Showing posts with label Cold-War. Show all posts
Showing posts with label Cold-War. Show all posts

Wednesday, March 16, 2011

The Trouble with "The Enemy of my Enemy is my Friend", Historic Examples

Arthur Zimmerman, German Foreign Secretary in the 2nd half of World War I might serve as the "poster boy" for troubles with the principal that "The enemy of my enemy if my friend".  By inviting Mexico, via telegram, to "enter into an alliance with Germany against the United States in exchange for which she would regain 'her lost territory in Texas...'", he helped to finally bring the U.S. into the conflict.  He then played a major role in helping Lenin and a trainload of his followers reach an increasingly unstable Russia, where they did, just as he hoped, push Russia over the brink, practically eliminating the Axis' Eastern front.

Germany lost the war anyway, and Soviet Russia remained its biggest problem throughout most of the rest of the century.

But it took the Cold War to show just how much destruction could be wreaked by this principle.  In summary, by cultivating a motley assortment of backward nations as allies against the USSR, we either spread misery, or at least made the U.S. appear responsible for the misery of much of Latin America, the Near East, and Southeast Asia, and saddled countless poor nations with no experience of democracy with far greater powers of destruction than they could ever have developed for themselves.
[to be continues?]

Wednesday, February 23, 2011

Has Dr. Gene Sharp, "Clausewitz of Nonviolence" Been the Biggest Inspiration and Guide for Nonviolent Revolutions for 3 Decades?

Has Dr. Gene Sharp, "Clausewitz of Nonviolence" Been the Biggest Inspiration and Guide for Nonviolent Revolutions for 3 Decades?

That's the question I've been asking myself since this morning, when I first heard of him in an NPR interview?  He has written perhaps a dozen or more books, most of which can be downloaded online.  And the movements in Libya and Egyptian may have learned (largely by way of Serbians who struggled against Slobodan Milosevic) their style of peaceful regime change from Sharp.

Dr. Sharp, who gives much credit to Gandhi, created the Albert Einstein Institution which has actively trained and advised people all over the world who are trying to free themselves, and  has written "how to" books like 198 Methods of Nonviolent Action. (The Iranian regime accused their own pro-democracy activists of using over 100 of the 198 methods).

It is too much for me to digest right now, so I'll just suggest a couple of links.  One is the a New York Times article which provides a concise but detailed account of the workings of the Egyptian revolution so far: A Tunisian-Egyptian Link That Shook Arab History.
You can read a very recent short interview with Sharp on Radio Free Europe/Radio Liberty., or a longer article on him here.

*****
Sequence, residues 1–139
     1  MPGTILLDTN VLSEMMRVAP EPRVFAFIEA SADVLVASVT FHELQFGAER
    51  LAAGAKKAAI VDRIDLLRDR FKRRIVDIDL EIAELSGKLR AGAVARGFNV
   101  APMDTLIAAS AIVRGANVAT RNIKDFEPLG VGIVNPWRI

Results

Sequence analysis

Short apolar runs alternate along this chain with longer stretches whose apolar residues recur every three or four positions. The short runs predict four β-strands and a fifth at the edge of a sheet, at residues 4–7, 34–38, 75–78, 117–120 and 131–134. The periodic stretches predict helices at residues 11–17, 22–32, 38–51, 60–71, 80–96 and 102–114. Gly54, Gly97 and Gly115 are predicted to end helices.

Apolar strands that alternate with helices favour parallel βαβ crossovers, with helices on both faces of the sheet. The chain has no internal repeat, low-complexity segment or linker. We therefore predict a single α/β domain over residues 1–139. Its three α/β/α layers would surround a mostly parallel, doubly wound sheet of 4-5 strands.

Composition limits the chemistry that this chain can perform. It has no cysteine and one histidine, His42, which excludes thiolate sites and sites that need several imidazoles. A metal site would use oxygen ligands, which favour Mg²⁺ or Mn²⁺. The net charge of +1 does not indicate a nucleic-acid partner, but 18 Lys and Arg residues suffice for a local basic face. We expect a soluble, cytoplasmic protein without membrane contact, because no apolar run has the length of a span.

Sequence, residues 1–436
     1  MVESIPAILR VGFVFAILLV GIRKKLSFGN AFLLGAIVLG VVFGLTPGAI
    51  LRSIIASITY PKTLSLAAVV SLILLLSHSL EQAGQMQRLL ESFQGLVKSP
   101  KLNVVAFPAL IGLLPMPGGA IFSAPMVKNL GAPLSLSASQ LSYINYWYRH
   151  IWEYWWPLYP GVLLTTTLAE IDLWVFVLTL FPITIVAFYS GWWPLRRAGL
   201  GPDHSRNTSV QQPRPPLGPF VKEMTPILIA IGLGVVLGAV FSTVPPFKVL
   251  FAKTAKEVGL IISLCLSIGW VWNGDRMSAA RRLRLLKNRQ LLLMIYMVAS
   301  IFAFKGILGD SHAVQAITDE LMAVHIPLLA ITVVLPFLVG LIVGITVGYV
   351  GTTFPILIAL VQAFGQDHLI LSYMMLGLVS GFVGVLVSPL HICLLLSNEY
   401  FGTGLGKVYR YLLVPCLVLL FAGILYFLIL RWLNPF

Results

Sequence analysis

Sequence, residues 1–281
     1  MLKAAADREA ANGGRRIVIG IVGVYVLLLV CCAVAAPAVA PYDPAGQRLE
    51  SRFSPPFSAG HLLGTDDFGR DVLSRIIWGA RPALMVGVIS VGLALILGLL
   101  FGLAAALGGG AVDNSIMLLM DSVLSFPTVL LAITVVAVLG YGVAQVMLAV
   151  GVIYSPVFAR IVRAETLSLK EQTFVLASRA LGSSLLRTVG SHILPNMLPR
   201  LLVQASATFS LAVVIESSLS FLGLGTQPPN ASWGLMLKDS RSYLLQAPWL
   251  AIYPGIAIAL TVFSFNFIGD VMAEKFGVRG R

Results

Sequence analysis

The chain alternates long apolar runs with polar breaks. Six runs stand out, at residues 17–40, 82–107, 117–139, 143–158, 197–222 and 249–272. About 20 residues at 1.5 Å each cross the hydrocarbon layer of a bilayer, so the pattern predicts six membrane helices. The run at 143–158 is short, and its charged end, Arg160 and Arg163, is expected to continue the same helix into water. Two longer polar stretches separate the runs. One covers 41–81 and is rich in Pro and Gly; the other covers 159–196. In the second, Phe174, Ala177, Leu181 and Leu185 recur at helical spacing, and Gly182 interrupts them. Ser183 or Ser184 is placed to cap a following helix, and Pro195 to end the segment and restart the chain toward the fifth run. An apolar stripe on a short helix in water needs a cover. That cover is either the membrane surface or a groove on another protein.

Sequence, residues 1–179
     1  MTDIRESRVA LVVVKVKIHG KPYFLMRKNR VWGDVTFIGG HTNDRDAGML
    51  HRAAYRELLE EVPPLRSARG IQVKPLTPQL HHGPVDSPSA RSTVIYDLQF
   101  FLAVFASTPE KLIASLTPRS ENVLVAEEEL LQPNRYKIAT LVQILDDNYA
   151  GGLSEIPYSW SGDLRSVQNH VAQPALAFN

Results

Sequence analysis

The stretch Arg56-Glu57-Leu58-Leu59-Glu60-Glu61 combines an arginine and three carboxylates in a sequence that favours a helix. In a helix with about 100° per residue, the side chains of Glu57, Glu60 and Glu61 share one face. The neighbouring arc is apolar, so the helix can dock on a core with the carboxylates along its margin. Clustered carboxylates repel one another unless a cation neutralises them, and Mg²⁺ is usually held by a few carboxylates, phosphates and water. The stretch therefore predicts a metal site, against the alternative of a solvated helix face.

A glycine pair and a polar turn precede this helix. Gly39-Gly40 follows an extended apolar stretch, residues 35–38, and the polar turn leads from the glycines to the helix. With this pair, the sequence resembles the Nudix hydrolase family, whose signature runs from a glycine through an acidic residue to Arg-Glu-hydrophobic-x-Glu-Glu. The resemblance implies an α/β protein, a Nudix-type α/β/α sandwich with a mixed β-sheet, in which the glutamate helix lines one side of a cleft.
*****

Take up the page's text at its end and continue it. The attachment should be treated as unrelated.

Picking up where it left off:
Oddly, there are a couple of very interesting reflections on Sharp in Scientific American (or their web site at least) by science journalist John Horgan:

How George W. Bush rejected my "Sharp" idea for countering terrorism


Egypt's revolution vindicates Gene Sharp's theory of nonviolent activism.

The first SciAm article points out that Sharp was once funded by DARPA (Defense Advanced Research Projects Agency) who subsequently, unfortunately, ignored him.

This DARPA episode, and the Bush admin's rejection of Horgan's "outside the box" idea of distributing Sharp's writings to "fundamentalist Muslims and others who might be at risk of becoming terrorists" -- these two cases illustrate, I think, the self-defeating attitude looked at in "(What Was the Cold War?) The Man With Only a Hammer".

To me, it seems very important that Dr. Sharp does not advocate non-violence for its "virtuousness", but rather because it is most effective.  He says
Peaceful protest is best, he says — not for any moral reason, but because violence provokes autocrats to crack down. “If you fight with violence,” Mr. Sharp said, “you are fighting with your enemy’s best weapon, and you may be a brave but dead hero.”
I might add that the nonviolent approach as pursued in Egypt, with all the discipline and meticulous planning it requires complements the forging of a new structure to replace the oppressive regime, while violent revolutions too often leave things in chaos, which then is replaced by a regime which is either naturally oppressive, or, in the course of turning the chaos into something orderly becomes oppressive.

At the moment, Gene Sharp's books prices have gone into the stratosphere, as they were mostly out of print, and he has suddenly gotten so much attention.

It may be best to see what free downloads are available at The Albert Einstein Institution web page.